What’s the deal with Parabens?

As a mom of girls, and someone who occasionally wears makeup, I have started doing research into what is put into the products we buy. I have heard many, many negative things about Parabens and,

As a mom of girls, and someone who occasionally wears makeup, I have started doing research into what is put into the products we buy. I have heard many, many negative things about Parabens and, because it seems to be something that people are generally unaware of, I decided to share what I have learned.
Have you ever wondered how make up is made and what chemicals we are happily applying to our bodies? As a dance mom, I have realised that most of the products I had been using on Fifi’s face, was, in fact, toxic. Imagine my horror! Below I answer a few frequently asked questions I have been faced with since we made the decision to go paraben free.

What exactly are Parabens?

Parabens have been widely used in products to prevent bacteria growth since the 1950s. “About 85 percent of cosmetics have them,” says Arthur Rich, Ph.D., a cosmetic chemist in Chestnut Ridge, New York. “They’re inexpensive and effective.” New York City dermatologist Fran E. Cook-Bolden explains, “Parabens have a long history of safe use, and that’s why they’re commonplace. New preservatives have less of a proven track record.” In fact, typically, more than one form of the ingredient is used in a product. The most common are butylparaben, methylparaben, and propylparaben. Over the last few years, however, in response to customer concerns, many brands have started to manufacture (and label) paraben-free products, including lotions, lipsticks, shampoos, scrubs, and more.


What effect do Parabens have on the human body?

A new study has found that chemicals called parabens can spur the growth of certain types of breast cancer cells. And they appear to be able to do this even in tiny amounts.

Parabens are used in many food and personal care products. They have a chemical structure that’s similar to estrogen, which means they can mimic the effects of that hormone in the body. But they seem do this weakly, and on the scale of chemical threats, researchers thought parabens were pretty low on the list of things to worry about.

New research suggests, though, that they may be more harmful than previously thought.

For the study, scientists grew breast cancer cells in a lab. They treated the cancer cells with low doses of parabens along with heregulin, a growth-promoting substance that’s normally found in breast tissue. The two chemicals are known to have a more powerful effect when combined.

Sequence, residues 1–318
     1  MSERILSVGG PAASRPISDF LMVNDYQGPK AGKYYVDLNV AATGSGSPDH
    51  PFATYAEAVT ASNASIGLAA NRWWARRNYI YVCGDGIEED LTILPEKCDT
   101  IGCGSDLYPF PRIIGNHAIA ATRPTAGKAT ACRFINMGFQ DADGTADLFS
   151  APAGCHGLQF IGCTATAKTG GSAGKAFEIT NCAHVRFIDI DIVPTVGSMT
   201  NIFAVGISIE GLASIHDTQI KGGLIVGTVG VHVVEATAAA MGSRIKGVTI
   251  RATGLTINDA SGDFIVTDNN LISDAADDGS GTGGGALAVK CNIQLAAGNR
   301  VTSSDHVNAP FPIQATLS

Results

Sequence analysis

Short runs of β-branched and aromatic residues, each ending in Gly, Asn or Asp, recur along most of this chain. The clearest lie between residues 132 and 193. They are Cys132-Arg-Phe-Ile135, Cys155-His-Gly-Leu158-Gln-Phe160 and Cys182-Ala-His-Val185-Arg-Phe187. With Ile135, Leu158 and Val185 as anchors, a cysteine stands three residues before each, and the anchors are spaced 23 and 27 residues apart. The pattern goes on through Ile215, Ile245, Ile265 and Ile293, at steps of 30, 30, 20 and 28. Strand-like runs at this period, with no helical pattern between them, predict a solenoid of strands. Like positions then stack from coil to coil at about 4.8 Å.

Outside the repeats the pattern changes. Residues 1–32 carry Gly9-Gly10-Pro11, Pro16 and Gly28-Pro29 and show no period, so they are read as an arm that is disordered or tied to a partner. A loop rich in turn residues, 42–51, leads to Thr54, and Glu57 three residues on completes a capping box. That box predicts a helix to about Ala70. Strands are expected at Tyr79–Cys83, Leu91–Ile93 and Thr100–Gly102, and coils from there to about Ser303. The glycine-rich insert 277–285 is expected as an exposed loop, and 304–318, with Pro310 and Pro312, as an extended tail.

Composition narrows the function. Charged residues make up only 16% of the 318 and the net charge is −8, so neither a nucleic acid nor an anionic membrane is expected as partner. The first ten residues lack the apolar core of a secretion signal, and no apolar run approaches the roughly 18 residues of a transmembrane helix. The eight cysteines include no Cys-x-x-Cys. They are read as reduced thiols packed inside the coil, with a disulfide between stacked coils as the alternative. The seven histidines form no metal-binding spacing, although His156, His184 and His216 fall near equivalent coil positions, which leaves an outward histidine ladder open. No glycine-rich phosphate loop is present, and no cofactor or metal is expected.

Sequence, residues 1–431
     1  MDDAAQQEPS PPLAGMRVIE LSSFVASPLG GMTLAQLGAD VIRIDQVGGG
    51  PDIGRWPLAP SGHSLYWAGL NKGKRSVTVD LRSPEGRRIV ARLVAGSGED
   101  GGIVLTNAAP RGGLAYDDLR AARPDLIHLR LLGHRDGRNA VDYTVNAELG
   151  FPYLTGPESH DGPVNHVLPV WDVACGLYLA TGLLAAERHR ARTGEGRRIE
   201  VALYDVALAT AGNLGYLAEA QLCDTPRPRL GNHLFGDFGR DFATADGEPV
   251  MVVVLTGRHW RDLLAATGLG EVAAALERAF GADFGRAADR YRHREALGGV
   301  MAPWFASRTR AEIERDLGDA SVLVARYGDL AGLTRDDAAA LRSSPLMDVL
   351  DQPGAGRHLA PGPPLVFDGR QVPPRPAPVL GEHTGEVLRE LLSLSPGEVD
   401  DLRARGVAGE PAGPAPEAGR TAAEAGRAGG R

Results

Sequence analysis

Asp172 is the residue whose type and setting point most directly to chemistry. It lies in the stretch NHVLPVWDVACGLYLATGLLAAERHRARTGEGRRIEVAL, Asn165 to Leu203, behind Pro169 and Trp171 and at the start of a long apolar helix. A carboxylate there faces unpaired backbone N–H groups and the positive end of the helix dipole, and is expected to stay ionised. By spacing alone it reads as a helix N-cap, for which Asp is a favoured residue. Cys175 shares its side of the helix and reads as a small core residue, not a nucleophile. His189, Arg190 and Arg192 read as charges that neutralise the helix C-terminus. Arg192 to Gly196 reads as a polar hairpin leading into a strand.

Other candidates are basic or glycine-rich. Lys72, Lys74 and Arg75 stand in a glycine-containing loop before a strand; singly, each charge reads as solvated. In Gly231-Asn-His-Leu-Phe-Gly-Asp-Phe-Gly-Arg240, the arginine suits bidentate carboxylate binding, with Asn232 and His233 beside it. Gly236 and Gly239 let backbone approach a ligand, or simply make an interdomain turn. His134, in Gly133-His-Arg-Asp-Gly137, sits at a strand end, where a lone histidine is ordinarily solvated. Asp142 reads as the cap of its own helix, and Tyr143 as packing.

When the two chemicals were combined, the dose of parabens needed to stimulate growth was 100 times lower. That suggests parabens may be exerting effects at levels people are being exposed to in real life, according to study author Ruthann Rudel, who co-directs the research program for the non-profit Silent Spring Institute.


Why shouldn’t we be using products that contain Parabens?

The problem with non-natural ingredients: it’s really hard to test its safety in the long term. Until you have put it in products, and people have actually used it long-term. And that is what is happening now with the parabens. Gradually, awareness is growing that parabens might not be the perfect solution in our quest for preservatives. Parabens have estrogenic properties: which means they act as fake female hormones in the body. This can disrupt hormone balance in both women and men which can be very harmful to our health and make us prone to certain cancers. The effect is very small, though it is measurable.

Public opinion is that if science hasn’t been able to identify any adverse effects, it is therefore safe. Wonderfully illustrated by this quote from Wikipedia: “While even small amounts of parabens introduced in vitro stimulate breast cancer cell proliferation, there is no evidence that application of consumer products containing parabens cause cancer.” Flawed logic, in our opinion. ‘There is no evidence A leads to B’ is not the same as ‘there is evidence A does not lead to B’.


Keep an eye out for my next article featuring alternatives to using chemical rich beauty products.

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